According studies conducted well before the release of Bohemian Rhapsody, Mercury was the one true all-time great, and they’ve got the acoustic research to prove it.
Czech and Swedish voice researchers Christian T. Herbst Stellan Hertegard, Daniel Zangger-Borch and Per-Åke Lindestad did an acoustical analysis of Mercury’s voice and found that his vibrato was truly different from those of classically-trained (opera) singers, reports Maxim.
First a quick explanation: the word “vibrato” as it relates to the human voice is one of those terms that gets thrown around a lot and no one knows how to explain it. Vibrato is simple, though—it’s just the steady pulse of the voice above and below the tone, and it’s produced by a natural muscle reaction to air flowing through the throat.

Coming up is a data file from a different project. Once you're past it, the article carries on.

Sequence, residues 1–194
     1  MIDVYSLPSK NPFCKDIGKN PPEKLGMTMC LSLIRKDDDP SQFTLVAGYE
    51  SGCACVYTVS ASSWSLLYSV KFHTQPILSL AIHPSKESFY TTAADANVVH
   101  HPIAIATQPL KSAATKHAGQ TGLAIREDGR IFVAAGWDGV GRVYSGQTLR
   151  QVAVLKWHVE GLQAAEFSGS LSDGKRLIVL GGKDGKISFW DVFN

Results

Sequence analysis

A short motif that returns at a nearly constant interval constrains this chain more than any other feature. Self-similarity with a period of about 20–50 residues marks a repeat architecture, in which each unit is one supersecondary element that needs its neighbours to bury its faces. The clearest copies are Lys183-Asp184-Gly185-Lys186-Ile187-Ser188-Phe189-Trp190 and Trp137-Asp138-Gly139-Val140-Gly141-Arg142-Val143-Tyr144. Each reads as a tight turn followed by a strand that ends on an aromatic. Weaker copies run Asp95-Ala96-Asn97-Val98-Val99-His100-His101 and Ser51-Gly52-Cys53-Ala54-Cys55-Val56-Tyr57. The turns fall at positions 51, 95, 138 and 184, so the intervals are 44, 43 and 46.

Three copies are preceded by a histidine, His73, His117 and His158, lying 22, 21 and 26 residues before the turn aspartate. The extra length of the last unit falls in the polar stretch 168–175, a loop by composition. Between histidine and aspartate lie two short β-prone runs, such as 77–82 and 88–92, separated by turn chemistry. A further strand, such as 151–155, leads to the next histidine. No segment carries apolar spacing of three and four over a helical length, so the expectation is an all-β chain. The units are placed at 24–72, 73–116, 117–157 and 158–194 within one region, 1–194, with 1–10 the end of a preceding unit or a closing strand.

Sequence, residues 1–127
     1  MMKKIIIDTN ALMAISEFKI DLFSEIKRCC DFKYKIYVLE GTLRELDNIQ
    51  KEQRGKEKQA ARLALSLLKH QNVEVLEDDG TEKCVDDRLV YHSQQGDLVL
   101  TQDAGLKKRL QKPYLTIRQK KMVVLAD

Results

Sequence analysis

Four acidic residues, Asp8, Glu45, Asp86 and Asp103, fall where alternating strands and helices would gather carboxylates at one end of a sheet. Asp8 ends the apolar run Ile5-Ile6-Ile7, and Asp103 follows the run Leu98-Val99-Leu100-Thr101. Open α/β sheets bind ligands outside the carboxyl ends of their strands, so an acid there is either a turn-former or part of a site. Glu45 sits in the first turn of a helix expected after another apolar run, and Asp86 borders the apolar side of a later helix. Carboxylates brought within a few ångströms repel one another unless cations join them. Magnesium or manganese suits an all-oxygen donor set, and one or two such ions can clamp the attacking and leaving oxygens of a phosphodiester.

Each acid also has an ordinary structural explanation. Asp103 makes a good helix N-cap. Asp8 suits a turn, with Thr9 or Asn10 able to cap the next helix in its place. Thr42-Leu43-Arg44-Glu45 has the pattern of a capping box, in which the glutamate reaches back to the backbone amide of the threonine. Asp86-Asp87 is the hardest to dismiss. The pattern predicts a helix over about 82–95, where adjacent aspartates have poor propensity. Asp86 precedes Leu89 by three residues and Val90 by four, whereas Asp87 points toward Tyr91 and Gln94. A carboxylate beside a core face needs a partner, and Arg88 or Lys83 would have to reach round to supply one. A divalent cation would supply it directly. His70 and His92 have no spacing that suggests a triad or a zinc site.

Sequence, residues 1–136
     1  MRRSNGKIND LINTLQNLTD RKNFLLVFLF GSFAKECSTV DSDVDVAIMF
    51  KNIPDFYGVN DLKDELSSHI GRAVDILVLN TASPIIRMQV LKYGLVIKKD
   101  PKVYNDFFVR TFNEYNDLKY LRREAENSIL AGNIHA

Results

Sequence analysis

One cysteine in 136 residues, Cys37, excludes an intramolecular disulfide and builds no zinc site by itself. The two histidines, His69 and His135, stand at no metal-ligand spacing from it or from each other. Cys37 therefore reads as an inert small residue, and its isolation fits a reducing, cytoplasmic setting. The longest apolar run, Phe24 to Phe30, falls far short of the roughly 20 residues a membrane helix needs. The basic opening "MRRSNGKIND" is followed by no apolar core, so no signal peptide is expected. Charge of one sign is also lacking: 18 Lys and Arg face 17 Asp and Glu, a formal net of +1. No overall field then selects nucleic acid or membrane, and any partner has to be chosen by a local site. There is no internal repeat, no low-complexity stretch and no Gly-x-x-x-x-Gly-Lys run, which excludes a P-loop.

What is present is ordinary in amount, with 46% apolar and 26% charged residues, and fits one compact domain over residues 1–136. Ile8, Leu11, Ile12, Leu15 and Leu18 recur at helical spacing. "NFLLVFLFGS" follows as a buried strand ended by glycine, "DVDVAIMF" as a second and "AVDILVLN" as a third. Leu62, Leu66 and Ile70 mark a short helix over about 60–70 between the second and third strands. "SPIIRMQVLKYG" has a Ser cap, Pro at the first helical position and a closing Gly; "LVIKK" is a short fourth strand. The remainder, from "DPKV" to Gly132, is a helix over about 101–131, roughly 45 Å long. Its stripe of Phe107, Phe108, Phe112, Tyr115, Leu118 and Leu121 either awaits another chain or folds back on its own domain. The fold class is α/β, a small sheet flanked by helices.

According to the researchers, opera singers make their tones “more vibrant” and that vibrato sits at around 5.5 to 5.6 Hz. But Mercury’s vibrato was higher frequency—about 7.0 Hz, and had a signature irregularity—a kind of “vocal fingerprint” that could only be from Freddie Mercury.